Food For Thought

How Bacon varies around the world

Is anything better than the salty, smoky smell of sizzling bacon on a Sunday morning? In the United States, bacon comes from the belly of the pig. After a curing process, meat producers divide it into the thin or not-so-thin slices that complement any breakfast or improve any cheeseburger. That isn’t the case in other countries. In fact, consumers around the world have varying definitions of what constitutes bacon and how to use it.

Lop Yuk and Sam Gyup Sal

In China, bacon is known as “lop yuk.” Unlike bacon in the United States, Chinese-style bacon usually originates from pork loin instead of belly. The bacon is then salted and cured, before being sold in markets throughout the country. Don’t expect to see lop yuk as part of a BLT in China, though. Rather, people there prefer to eat their bacon in rice-based soups. Alternatively, Chinese diners may indulge in a savory broth made from bacon.

Koreans use bacon in much the same way as their Chinese neighbors, although they call it “sam gyup sal.” On the peninsula, families enjoy the meat distilled into a broth or soup base. However, Koreans are increasingly eating bacon as part of a main course.

Rasher, Speck and Bauchspeck

Europeans enjoy their bacon as much as Americans, but the meat is considerably different from that in the States. Citizens of the United Kingdom delight in “rasher,” air-cured bacon from the animal’s loin. While American bacon is usually served in crispy strips, rasher comes in chewy, thick, round pieces. Diners expect to munch on British-style bacon at breakfast or lunch.

In Germany, bacon is usually the same cut as it is in England. Germans call their bacon “speck,” which is a cured, smoke-free version of everyone’s favorite breakfast meat. The Swiss, meanwhile, eat “bauchspeck,” preferring to consume the savory treat on sandwiches or in puff-style pastries. For residents of both Germany and Switzerland, eating bacon early in the day is standard, although some nighttime recipes proudly feature the meat.

In Austria, Hungary and many former Soviet republics, bacon is unique from town to town. Butchers choose which part of the animal is acceptable to become bacon before applying varying curing and smoking techniques. As such, what passes as bacon in one community may be unrecognizable as the meat in another region. Still, regardless of how it is made, bacon features prominently in soup and stew recipes throughout the season. Often paired with root vegetables, such as carrots, potatoes or turnips, bacon is common in both everyday meals and special-occasion feasts.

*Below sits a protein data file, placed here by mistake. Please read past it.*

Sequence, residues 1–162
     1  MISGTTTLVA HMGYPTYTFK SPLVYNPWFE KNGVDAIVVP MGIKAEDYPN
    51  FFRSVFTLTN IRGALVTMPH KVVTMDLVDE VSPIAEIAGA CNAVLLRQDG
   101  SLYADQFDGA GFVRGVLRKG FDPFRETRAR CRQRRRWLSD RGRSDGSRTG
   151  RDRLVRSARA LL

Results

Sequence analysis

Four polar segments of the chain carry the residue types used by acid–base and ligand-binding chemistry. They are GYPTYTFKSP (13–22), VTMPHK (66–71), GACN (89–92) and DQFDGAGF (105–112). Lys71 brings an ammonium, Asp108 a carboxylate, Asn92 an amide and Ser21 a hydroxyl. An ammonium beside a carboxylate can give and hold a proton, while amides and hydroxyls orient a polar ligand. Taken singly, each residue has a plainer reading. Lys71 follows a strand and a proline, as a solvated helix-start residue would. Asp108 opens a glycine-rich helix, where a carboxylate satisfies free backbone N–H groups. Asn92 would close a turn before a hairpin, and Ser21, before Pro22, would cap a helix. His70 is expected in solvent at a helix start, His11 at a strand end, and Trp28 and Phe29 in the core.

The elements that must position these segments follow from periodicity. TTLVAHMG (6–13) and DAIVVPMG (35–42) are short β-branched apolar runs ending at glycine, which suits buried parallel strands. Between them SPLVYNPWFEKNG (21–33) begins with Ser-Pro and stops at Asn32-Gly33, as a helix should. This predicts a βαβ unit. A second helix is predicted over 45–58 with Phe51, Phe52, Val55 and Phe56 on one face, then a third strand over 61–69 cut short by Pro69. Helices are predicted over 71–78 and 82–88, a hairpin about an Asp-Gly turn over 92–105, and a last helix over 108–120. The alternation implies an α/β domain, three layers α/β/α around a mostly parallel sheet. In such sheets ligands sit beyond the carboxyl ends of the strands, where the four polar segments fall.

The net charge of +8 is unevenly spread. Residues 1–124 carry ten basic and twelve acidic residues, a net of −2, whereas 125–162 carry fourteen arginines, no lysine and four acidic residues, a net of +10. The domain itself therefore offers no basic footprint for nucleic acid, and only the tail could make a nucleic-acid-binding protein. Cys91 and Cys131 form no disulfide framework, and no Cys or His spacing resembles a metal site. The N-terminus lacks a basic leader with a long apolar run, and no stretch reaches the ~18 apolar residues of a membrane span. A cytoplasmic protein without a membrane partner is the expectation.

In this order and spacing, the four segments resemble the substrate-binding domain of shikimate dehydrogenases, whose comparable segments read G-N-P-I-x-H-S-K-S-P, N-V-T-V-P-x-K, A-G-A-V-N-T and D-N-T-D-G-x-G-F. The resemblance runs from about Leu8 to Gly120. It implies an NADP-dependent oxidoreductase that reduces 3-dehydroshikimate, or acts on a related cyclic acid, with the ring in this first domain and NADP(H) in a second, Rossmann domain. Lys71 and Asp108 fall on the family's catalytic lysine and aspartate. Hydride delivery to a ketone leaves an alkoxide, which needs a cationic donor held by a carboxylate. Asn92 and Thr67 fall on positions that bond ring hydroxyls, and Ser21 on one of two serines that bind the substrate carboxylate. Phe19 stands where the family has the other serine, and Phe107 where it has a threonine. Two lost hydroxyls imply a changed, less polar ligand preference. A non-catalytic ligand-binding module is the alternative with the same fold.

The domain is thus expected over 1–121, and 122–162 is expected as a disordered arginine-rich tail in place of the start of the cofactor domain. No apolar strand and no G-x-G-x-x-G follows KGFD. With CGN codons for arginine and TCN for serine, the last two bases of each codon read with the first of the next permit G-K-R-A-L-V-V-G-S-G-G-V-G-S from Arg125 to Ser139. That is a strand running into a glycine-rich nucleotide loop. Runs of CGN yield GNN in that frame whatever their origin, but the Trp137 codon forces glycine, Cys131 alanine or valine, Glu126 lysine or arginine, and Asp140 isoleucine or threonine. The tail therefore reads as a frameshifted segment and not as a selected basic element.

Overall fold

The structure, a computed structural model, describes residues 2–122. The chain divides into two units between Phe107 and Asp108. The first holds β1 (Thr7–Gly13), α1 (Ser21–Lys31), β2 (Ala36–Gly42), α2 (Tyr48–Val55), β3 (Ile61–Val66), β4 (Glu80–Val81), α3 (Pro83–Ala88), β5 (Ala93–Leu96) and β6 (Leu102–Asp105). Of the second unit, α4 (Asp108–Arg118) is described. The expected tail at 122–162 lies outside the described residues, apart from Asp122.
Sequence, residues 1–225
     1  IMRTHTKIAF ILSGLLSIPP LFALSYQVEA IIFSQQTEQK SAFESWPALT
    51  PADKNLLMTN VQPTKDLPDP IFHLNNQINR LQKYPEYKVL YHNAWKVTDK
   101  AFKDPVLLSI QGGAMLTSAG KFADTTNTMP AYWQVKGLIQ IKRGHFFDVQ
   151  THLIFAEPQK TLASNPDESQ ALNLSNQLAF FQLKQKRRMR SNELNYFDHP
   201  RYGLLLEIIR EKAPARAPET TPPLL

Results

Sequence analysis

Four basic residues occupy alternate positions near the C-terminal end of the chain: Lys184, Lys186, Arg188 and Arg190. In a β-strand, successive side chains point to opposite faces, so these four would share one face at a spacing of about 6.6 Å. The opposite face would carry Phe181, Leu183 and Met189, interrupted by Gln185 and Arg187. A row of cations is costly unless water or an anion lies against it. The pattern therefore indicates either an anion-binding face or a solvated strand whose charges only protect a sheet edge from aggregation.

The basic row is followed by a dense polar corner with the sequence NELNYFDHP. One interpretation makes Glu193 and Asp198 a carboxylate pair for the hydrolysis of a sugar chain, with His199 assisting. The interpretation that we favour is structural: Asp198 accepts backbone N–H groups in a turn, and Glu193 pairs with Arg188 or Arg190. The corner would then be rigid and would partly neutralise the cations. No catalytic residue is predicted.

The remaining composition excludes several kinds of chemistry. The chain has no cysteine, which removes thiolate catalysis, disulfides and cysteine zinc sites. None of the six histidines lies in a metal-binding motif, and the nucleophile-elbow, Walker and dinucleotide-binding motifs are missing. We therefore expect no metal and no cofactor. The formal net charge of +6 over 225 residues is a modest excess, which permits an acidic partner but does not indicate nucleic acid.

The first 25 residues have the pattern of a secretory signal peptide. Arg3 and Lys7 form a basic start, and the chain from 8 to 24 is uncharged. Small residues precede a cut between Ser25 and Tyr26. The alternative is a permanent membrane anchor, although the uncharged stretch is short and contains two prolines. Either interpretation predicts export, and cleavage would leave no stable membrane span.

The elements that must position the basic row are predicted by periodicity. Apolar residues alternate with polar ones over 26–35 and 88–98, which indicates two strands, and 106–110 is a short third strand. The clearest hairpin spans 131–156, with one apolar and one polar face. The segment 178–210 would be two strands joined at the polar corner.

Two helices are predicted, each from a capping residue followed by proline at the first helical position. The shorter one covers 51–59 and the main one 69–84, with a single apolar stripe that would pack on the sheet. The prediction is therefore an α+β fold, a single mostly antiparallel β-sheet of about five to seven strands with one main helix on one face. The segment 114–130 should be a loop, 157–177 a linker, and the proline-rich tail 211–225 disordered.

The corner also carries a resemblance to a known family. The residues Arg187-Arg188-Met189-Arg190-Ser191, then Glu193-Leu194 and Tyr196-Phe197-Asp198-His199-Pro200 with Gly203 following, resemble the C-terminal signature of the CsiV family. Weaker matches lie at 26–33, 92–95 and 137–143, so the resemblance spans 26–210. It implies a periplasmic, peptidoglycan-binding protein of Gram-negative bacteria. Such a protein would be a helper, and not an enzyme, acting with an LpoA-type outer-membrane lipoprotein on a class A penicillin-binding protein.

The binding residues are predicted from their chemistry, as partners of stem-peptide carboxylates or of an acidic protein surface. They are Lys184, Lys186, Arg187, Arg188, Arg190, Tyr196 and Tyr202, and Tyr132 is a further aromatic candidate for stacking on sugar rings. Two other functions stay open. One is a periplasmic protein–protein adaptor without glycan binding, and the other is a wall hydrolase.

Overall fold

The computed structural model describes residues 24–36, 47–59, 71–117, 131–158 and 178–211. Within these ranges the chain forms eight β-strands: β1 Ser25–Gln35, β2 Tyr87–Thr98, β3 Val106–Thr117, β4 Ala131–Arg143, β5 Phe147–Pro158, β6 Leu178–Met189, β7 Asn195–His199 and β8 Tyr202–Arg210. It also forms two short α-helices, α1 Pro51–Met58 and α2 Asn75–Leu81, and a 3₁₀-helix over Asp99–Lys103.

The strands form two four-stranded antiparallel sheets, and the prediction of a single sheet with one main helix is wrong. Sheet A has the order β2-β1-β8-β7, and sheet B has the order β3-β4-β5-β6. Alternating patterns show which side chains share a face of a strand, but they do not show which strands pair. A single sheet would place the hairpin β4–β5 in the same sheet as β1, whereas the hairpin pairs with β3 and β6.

Pancetta and Lard Salé

The Italians and French have a well-known, well-earned reputation for creating culinary creations to tickle the taste buds of even the pickiest eater. Given its delectability, bacon plays a prominent role in the fare of both countries. In Italy, individuals feast on pancetta, a thinly sliced cut of pork loin. The meat pops up in pasta, bread, appetizers, soups and desserts. Further, since pancetta is flexible and fatty, Italian chefs often use this type of bacon to wrap other cuts of meat as well.

The French refer to bacon as “lard salé.” Like with bacon from other countries in Europe, French bacon typically comes from pork loin. Some versions of it, however, feature back meat. Because French cooking is often delicate and sophisticated, chefs often use lard salé to flavor soups, sauces and glazes. Taking note of American recipes, French pastry chefs also often include bacon in sweet dishes.

Canadian Bacon

Canadian bacon has a place in any discussion about bacon around the world. Those who have ordered it on a pizza may wonder, is Canadian bacon just ham? In the mainstream, what Canadians call “bacon” is the same as ham in America, which may be either smoked or unsmoked. For a crispier, saltier meat, Canadians often choose peameal bacon. This brine-soaked, back-meat bacon often appears in breakfasts and lunches in the Great White North.

Following certain religious doctrines, millions of individuals around the globe decide to skip bacon in favor of other food. Those who enjoy eating it, however, do so in a variety of ways. Whether the bacon comes from the belly of the pig, its back or another part, one thing is clear: People around the globe delight in this tasty, nutritious meat.